First published 2019 by Routledge 2 Park Square, Milton Park, Abingdon, Oxon OX14 4RN and by Routledge 52 Vanderbilt Avenue, New York, NY 10017 Routledge is an imprint of the Taylor & Francis Group, an informa business © 2019 selection and editorial matter, John C. Wakefield; individual chapters, the contributors The right of John C. Wakefield to be identified as the author of the editorial material, and of the authors for their individual chapters, has been asserted in accordance with sections 77 and 78 of the Copyright, Designs and Patents Act 1988. All rights reserved. No part of this book may be reprinted or reproduced or utilised in any form or by any electronic, mechanical, or other means, now known or hereafter invented, including photocopying and recording, or in any information storage or retrieval system, without permission in writing from the publishers. Trademark notice: Product or corporate names may be trademarks or registered trademarks, and are used only for identification and explanation without intent to infringe. British Library Cataloguing-in-Publication Data A catalogue record for this book is available from the British Library Library of Congress Cataloging-in-Publication Data Names: Wakefield, John (John C.), editor. Title: Cantonese as a second language : issues, experiences and suggestions for teaching and learning / edited by John Wakefield. Description: Abingdon, Oxon ; New York, NY : Routledge, 2019. | Series: Routledge studies in applied linguistics | Includes bibliographical references and index. Identifiers: LCCN 2018059453 | ISBN 9780815395195 (hardback) | ISBN 9781351184250 (ebook) Subjects: LCSH: Chinese language—Study and teaching. | Cantonese dialects. | Second language acquisition. Classification: LCC PL1065 .C359 2019 | DDC 495.17/95127—dc23 LC record available at ISBN: 978-0-8153-9519-5 (hbk) ISBN: 978-1-351-18425-0 (ebk) Typeset in Galliard by Apex CoVantage, LLC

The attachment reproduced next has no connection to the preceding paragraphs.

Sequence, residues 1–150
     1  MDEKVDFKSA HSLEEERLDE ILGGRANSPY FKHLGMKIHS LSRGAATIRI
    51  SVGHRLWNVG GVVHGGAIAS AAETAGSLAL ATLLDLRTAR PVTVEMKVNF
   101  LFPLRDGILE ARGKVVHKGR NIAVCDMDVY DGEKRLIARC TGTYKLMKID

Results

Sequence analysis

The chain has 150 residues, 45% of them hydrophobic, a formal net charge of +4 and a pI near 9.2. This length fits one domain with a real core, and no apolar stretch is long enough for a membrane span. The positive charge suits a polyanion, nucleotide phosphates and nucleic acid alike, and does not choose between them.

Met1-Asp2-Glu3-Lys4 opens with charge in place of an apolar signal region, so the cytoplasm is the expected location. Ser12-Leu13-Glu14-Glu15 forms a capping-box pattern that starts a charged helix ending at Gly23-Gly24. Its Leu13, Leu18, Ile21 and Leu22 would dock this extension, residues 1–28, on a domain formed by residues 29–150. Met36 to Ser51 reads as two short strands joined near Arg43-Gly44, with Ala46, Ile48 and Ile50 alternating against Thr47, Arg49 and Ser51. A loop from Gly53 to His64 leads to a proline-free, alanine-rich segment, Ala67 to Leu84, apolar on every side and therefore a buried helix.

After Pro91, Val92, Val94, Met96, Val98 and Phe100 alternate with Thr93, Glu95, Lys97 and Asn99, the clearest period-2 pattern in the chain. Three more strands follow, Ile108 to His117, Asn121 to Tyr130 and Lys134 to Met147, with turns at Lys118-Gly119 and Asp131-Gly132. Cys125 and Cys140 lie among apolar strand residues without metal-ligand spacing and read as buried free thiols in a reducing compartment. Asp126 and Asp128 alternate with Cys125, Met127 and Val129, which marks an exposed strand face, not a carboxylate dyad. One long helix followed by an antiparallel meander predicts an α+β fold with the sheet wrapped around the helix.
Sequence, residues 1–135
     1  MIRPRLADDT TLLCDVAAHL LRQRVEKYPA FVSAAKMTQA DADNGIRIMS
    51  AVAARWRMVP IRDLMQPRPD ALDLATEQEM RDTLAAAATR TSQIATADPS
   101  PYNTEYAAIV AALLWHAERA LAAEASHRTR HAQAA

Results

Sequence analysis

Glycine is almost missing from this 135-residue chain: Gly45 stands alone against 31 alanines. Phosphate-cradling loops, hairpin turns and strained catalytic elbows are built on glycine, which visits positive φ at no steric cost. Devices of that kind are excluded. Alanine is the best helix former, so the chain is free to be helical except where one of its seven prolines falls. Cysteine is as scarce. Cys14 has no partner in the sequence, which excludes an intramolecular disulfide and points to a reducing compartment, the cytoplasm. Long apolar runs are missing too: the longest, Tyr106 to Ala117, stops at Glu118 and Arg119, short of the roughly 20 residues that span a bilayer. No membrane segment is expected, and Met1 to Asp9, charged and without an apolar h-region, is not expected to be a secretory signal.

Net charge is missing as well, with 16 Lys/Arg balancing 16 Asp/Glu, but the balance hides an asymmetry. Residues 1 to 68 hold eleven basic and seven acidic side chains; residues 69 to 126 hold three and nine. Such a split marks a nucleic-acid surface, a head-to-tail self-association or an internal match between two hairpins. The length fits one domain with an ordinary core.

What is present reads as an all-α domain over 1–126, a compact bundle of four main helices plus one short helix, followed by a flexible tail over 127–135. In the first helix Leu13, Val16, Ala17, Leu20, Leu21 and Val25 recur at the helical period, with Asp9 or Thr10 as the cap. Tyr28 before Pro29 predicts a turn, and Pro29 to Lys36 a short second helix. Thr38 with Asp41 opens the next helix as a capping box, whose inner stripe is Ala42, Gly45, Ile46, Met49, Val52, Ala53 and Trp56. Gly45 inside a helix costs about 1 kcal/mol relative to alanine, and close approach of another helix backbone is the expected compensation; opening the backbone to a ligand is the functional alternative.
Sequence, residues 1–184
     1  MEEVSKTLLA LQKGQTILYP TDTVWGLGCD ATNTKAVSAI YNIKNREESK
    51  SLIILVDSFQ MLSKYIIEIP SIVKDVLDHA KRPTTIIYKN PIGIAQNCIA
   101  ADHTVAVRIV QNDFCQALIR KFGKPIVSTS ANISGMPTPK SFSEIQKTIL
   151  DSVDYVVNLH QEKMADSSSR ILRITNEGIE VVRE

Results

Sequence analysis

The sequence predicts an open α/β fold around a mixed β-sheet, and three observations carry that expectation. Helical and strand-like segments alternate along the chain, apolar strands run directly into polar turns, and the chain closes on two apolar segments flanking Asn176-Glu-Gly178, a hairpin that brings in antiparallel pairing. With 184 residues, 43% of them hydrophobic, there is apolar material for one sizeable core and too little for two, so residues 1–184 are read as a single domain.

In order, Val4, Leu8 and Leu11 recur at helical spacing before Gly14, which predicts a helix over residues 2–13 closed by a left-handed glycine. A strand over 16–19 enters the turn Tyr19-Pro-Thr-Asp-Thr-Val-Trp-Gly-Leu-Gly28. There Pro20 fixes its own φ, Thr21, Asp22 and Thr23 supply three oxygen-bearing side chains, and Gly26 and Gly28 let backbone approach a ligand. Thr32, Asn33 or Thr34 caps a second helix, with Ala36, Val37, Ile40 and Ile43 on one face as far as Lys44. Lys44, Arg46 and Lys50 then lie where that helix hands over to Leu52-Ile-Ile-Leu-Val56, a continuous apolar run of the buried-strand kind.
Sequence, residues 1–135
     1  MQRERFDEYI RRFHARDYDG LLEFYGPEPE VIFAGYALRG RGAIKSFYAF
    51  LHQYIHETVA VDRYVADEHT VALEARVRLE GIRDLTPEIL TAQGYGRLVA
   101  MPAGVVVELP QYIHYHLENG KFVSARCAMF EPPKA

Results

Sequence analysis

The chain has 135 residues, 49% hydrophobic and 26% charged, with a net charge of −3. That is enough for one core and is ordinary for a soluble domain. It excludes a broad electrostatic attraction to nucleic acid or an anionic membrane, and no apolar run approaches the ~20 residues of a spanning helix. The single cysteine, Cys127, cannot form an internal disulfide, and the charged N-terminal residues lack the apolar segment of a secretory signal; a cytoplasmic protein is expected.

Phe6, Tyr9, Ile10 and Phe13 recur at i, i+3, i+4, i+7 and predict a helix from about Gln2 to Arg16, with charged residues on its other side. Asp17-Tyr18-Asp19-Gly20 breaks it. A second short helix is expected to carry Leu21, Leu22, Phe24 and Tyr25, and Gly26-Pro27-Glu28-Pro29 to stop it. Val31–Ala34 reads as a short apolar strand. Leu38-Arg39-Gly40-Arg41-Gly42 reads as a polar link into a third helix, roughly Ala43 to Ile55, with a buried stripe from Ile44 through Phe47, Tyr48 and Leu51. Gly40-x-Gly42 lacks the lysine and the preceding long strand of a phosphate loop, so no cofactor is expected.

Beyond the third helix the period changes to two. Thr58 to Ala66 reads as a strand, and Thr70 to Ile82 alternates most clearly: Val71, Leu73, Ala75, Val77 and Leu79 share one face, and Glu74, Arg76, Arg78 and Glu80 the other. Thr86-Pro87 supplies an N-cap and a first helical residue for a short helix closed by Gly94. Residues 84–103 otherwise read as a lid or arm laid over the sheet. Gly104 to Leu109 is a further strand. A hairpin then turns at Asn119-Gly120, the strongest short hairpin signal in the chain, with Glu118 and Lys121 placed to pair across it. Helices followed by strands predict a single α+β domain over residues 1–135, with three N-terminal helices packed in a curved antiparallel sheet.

This book is dedicated to the memories of Jeff and 肥仔, both of whom fully and naturally accepted the editor as one of their own, and both of whom left this world far too soon.